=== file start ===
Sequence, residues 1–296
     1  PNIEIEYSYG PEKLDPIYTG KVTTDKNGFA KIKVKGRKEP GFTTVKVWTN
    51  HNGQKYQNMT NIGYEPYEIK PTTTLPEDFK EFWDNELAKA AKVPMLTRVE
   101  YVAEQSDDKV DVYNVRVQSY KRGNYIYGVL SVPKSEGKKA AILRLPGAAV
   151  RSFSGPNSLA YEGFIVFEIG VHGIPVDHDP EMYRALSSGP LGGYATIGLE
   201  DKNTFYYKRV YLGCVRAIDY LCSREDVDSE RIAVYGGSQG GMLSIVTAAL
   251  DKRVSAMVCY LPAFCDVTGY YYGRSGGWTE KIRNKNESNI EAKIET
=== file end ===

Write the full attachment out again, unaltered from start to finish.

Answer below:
Sequence, residues 1–296
     1  PNIEIEYSYG PEKLDPIYTG KVTTDKNGFA KIKVKGRKEP GFTTVKVWTN
    51  HNGQKYQNMT NIGYEPYEIK PTTTLPEDFK EFWDNELAKA AKVPMLTRVE
   101  YVAEQSDDKV DVYNVRVQSY KRGNYIYGVL SVPKSEGKKA AILRLPGAAV
   151  RSFSGPNSLA YEGFIVFEIG VHGIPVDHDP EMYRALSSGP LGGYATIGLE
   201  DKNTFYYKRV YLGCVRAIDY LCSREDVDSE RIAVYGGSQG GMLSIVTAAL
   251  DKRVSAMVCY LPAFCDVTGY YYGRSGGWTE KIRNKNESNI EAKIET